In a workforce as large and geographically diverse as that of the U.S. Army Aviation and Missile Command, there are many unsung heroes doing remarkable things to support America’s warfighters on a daily basis.
Most, if not all, understand the importance of what they do and take great satisfaction knowing they have a job that makes a difference to the Army, the Department of Defense and the country as a whole.
Jessica Blain is a logistics management specialist matrixed to the Missile Defense Agency in support of the Ground-based Midcourse Defense Program’s Lifecycle Management Directorate in Fort Greely, Alaska. In the sub-arctic environment of the Alaskan Interior, employees like Blain face challenges that most others never have to deal with, including, but limited to, temperatures as cold -40 degrees Fahrenheit (before factoring in wind chill). Blain’s career with the Army was almost inevitable. She grew up around the Army with a father who was both a Soldier and Army civilian and spent several summers working as a summer hire during high school. Her civilian career officially began with the Army Materiel Command Fellows Program and has continued for 16 years.
In her current position, Blain helps develop and maintain the GMD weapon system so it is ready for the warfighter to intercept intercontinental ballistic missiles that might threaten the United States.
“I take pride in knowing that what we do directly provides the warfighter with a ready and reliable system that is available to defend the nation from a ballistic missile attack,” said Blain. “The warfighter operates the system, but we, along with our industry contractor counterparts, maintain the system. It’s a unique partnership.”
That pride in her work was on full display when Blain identified a potential vulnerability to supplies stored in an unmanned warehouse on Fort Greely.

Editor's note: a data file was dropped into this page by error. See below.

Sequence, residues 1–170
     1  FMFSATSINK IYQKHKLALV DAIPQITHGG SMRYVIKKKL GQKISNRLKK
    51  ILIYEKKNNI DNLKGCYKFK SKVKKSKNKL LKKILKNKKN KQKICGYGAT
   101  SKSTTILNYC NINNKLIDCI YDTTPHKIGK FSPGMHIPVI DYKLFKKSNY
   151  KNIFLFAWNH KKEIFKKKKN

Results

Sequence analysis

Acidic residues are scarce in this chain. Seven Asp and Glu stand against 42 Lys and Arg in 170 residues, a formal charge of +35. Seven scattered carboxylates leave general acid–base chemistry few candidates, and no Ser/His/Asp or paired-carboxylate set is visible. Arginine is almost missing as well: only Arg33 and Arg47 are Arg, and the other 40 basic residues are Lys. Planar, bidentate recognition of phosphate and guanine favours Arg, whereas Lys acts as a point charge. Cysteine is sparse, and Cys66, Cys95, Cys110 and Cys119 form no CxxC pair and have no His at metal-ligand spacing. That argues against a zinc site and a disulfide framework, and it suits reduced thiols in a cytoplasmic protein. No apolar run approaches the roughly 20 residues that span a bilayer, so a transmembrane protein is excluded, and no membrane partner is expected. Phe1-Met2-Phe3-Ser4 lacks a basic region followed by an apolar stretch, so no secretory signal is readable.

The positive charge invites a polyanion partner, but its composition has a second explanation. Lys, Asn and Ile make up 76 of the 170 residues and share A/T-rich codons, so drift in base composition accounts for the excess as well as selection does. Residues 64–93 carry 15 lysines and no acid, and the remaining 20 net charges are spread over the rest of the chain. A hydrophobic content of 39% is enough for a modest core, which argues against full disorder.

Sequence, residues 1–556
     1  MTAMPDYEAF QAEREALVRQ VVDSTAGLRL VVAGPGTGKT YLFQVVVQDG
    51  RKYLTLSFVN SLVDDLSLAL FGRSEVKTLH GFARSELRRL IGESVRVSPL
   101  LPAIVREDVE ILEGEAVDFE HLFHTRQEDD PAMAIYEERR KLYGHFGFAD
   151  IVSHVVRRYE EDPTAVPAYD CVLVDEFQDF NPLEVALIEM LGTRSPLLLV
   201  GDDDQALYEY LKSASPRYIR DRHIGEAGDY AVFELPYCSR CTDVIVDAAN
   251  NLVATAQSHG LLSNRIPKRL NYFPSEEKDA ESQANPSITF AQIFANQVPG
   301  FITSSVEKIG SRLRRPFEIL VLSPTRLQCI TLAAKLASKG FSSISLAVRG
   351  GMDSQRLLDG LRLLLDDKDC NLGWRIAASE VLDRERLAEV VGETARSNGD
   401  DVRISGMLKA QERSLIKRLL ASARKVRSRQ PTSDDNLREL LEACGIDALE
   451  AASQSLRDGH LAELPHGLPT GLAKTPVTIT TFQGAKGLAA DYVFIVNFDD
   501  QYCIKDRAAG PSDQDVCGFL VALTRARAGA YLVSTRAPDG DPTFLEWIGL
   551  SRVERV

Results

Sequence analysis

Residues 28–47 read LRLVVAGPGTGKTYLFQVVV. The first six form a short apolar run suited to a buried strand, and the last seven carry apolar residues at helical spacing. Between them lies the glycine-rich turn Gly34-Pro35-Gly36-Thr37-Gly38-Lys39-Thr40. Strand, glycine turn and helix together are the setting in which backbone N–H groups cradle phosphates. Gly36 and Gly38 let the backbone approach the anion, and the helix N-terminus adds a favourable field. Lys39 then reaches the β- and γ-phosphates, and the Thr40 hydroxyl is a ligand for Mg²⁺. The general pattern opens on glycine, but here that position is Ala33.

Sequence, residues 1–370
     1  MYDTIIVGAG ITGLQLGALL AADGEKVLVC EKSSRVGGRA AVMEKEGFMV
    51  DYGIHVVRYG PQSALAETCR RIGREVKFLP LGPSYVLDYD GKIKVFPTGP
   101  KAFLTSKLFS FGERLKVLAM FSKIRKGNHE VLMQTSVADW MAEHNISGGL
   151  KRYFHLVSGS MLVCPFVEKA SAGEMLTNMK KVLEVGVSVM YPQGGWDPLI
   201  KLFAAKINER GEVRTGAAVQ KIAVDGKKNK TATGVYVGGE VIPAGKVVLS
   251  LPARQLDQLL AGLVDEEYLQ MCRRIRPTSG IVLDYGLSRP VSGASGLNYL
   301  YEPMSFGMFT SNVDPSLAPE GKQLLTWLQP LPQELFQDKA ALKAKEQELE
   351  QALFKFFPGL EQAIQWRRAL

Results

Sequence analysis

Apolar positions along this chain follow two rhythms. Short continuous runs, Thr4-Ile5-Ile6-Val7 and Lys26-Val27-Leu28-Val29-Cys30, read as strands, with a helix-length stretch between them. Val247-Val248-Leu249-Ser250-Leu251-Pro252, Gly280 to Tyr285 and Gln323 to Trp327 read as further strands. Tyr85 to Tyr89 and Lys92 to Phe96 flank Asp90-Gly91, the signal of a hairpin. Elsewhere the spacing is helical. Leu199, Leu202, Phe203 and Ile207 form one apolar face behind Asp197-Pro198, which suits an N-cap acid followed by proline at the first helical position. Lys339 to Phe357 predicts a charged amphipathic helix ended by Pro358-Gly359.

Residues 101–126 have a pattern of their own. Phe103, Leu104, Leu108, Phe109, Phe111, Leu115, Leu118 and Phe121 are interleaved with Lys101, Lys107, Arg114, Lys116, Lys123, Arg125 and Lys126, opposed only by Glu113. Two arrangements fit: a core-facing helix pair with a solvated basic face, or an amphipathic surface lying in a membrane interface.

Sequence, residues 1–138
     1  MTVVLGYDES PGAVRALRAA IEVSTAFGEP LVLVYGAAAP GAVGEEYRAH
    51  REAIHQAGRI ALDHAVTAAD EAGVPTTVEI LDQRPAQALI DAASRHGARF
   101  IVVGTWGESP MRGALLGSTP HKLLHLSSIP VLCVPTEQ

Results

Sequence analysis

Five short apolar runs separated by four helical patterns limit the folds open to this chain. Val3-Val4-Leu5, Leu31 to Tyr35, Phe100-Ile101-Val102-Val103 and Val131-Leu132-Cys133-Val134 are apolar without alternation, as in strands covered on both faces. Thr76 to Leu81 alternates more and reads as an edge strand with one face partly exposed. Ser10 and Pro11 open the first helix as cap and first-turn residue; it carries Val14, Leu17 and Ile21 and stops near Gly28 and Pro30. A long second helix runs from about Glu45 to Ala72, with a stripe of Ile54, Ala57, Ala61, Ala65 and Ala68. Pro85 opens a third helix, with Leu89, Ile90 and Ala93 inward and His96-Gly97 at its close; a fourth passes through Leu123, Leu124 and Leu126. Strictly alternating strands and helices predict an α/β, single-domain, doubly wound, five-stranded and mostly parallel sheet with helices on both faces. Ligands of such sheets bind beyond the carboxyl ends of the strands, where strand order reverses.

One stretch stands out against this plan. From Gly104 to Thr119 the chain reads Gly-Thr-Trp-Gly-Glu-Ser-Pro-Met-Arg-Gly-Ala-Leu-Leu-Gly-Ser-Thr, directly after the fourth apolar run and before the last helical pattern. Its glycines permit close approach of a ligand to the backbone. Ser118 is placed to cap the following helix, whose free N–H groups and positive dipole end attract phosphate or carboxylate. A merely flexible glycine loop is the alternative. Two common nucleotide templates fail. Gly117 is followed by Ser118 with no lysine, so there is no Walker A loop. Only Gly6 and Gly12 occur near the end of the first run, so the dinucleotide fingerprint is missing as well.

Blain knew the building was climate-controlled but was cognizant of the fact that should the heating system run out of fuel, supplies could be damaged due to the extremely cold and harsh winter conditions.
“I thought of a solution and took the initiative to have our facility maintainer install warning lights that would alert people when the internal temperature of the building fell below 40 degrees,” said Blain. “They did so at no cost to the government and added the facilities to their light monitoring route. This is a light used for the same purpose in base housing.
“While it may have seemed overkill to a few people in its initiation, the system worked as designed twice that first winter, alerting people to a failure in the heating system and saving valuable supplies and equipment,” said Blain.
Dave Luntz, division chief site logistics and Blain’s supervisor, said she is not only a consummate professional, but the glue that holds the team together and has the innate ability of uplifting morale and making the harsh arctic environment a little easier to enjoy.
“Ms. Blain is an important member of our sustainment team, and I rely on her to assemble many of the team products we put together in response to AMCOM and MDA takings,” said Luntz. “Whether it's a policy review, a historical report or an acquisition document, she skillfully compiles the teams inputs and assembles a professional and always on time response.’
Blain said there are many things she loves about her job, and appreciates the support of her supervisor Dave Luntz and the outstanding work of the entire site logistics team in managing logistics actions at three geographically dispersed locations (Fort Greely, Vandenberg Air Force Base in California and Colorado Springs, Colorado).
“It is pretty exciting to work just a few thousand feet from the interceptors that have the awesome mission of saving major American cities, should they ever need to be utilized – although, I pray that day never comes,” said Blain. “I love that AMCOM provided me the opportunity to be stationed in Huntsville and work in a place as unique and beautiful as Alaska. There is nothing more rewarding than providing the warfighter with the reliable tools they need to complete their mission.”